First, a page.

Based on the Hungarian document transcribed by Gitta Mallasz
"We had the feeling that we were living on the edge of a cliff. Collective blindness was on the rise, along with a flood of organized political lies. If something were promised by the Nazis, for instance, one could be sure that just the opposite would occur. A strong desire was welling in us to find the truth-- our truth-- beneath so much deception." -Gitta Mallasz
TALKING WITH ANGELS: Budapest, 1943 is a one act play that weaves art, science, religion, art and consciousness into a cohesive whole. It is based on the true story of four close knit friends and their encounter with transcendent forces.
Over a period of 17 months, despite the chaos in Nazi-occupied Hungary, Gitta Mallasz, Lili Strauss, Joseph Kreutzer and Hanna Dallos held weekly meetings every Friday afternoon. During these meetings, Hanna received channeled messages from four entities --four distinctly different personalities-- who spoke through her and gave counsel and comfort to the quartet. In 1976, Gitta Mallasz, the only survivor of the group, turned the transcripts from these meetings into the book TALKING WITH ANGELS, which Shelley Mitchell then adapted into this critically acclaimed solo performance.
This interfaith story is about the power of a few people and their tremendous spiritual vigor. TALKING WITH ANGELS is not simply a vehicle for entertainment nor is it solely a meditative text meant for solitary study; this performance is a co-creation where audience meets actor for a spiritual infusion.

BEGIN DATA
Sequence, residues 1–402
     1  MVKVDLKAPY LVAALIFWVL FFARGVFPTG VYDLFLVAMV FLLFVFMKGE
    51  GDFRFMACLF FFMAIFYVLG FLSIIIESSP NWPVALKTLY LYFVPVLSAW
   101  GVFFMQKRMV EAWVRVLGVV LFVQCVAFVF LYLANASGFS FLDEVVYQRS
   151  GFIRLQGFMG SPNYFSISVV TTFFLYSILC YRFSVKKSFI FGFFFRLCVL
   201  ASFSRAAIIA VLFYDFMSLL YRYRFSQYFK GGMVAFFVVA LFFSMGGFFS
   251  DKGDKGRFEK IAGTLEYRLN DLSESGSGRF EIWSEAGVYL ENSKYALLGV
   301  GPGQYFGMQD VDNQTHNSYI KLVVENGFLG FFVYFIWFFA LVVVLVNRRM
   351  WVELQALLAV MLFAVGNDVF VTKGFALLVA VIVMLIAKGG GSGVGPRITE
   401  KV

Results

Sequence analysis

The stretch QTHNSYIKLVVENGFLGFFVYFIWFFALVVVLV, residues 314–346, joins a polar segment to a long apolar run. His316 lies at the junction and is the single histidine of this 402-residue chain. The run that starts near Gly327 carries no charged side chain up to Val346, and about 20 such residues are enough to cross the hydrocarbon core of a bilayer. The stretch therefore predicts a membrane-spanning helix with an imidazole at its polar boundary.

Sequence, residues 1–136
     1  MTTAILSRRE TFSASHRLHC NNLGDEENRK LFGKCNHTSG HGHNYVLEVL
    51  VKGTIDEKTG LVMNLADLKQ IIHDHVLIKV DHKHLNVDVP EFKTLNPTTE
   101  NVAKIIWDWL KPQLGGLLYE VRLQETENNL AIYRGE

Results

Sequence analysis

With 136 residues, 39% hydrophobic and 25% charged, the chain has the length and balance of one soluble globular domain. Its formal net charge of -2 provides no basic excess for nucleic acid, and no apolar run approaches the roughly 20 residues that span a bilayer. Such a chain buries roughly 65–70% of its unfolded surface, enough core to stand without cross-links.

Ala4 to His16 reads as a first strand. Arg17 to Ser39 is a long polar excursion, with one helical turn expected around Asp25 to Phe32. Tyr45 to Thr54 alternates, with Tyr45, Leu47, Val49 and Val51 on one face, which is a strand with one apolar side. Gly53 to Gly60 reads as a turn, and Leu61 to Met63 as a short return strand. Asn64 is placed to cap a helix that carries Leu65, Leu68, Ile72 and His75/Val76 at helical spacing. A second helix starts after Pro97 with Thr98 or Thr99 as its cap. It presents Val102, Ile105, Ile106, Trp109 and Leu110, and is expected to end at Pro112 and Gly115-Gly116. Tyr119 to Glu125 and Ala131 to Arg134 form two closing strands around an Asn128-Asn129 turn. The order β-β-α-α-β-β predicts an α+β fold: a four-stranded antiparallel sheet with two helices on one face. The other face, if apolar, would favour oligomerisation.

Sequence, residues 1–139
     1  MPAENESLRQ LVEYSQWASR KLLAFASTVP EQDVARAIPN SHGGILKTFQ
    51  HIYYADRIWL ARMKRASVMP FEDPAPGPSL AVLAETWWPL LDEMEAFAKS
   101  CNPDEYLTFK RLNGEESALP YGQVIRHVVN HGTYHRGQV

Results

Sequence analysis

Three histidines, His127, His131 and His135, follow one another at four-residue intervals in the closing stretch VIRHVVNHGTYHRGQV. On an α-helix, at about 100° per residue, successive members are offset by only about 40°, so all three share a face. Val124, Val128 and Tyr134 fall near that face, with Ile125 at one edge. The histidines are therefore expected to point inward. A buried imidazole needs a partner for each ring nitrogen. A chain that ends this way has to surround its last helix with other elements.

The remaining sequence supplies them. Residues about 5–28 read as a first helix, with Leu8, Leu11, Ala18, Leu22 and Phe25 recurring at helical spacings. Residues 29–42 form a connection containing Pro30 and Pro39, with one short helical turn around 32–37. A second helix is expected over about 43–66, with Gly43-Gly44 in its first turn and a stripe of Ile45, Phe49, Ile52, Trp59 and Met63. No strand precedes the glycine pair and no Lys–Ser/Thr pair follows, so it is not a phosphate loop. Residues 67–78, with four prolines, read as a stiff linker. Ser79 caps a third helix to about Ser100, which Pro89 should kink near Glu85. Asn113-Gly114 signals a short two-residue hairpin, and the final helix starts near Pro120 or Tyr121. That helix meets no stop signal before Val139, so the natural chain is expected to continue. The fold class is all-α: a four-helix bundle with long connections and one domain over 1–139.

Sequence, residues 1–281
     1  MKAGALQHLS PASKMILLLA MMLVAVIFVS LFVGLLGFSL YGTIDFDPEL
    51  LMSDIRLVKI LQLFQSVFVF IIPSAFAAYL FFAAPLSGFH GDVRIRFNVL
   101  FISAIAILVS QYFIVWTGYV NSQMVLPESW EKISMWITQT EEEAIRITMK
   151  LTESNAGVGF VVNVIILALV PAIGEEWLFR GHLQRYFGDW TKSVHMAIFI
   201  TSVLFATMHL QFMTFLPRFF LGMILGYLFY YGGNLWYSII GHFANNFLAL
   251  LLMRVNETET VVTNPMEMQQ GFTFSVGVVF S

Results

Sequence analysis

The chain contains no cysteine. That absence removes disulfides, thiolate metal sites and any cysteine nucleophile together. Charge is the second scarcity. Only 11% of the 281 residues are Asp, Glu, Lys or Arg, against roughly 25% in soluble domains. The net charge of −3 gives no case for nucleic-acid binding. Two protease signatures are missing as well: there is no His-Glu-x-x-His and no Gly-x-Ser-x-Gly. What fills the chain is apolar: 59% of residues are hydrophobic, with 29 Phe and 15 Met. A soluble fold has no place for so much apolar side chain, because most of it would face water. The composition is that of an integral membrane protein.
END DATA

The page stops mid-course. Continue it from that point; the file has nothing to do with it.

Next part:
From the 2017 Hollywood Fringe Festival
"This play tells the story of angelic guidance received by a small group of Hungarians during the horrors of World War II. The narrator and main character, Gita Mallasz, was recognized in 2011 by Yad Vashem as Righteous Among the Nations for having rescued over 100 Jewish women and children from almost certain death. Her portrayal by Shelley Mitchell was spellbinding and in itself an act of courage. As a consummate actor, whether Shelley played one of the four who received these instructions or one of the angels who gave them, her voice rang true.
It is heartening in these unquiet times to be reminded that every one of us can take a stand for good. There’s a saying that we have an army of angels at our command if we but ask, and the message of this play is that for this group of four, that saying bore fruit. If it happened once, who’s to say it can’t happen again? Whether or not you believe in angels, this is a compelling insight into Holocaust history not to be missed." -Eileen Weiner, Certified Festival Reviewer
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